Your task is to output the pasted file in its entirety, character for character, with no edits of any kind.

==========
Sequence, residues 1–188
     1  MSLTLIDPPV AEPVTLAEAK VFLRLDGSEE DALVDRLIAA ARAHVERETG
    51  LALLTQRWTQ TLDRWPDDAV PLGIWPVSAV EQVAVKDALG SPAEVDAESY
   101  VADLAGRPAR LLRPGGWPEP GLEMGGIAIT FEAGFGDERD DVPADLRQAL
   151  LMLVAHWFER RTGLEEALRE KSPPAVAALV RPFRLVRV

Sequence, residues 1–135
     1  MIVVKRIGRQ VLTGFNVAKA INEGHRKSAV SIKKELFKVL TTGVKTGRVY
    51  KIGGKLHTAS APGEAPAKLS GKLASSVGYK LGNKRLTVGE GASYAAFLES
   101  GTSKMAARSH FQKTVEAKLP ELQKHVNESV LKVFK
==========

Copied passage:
Sequence, residues 1–188
     1  MSLTLIDPPV AEPVTLAEAK VFLRLDGSEE DALVDRLIAA ARAHVERETG
    51  LALLTQRWTQ TLDRWPDDAV PLGIWPVSAV EQVAVKDALG SPAEVDAESY
   101  VADLAGRPAR LLRPGGWPEP GLEMGGIAIT FEAGFGDERD DVPADLRQAL
   151  LMLVAHWFER RTGLEEALRE KSPPAVAALV RPFRLVRV

Sequence, residues 1–135
     1  MIVVKRIGRQ VLTGFNVAKA INEGHRKSAV SIKKELFKVL TTGVKTGRVY
    51  KIGGKLHTAS APGEAPAKLS GKLASSVGYK LGNKRLTVGE GASYAAFLES
   101  GTSKMAARSH FQKTVEAKLP ELQKHVNESV LKVFK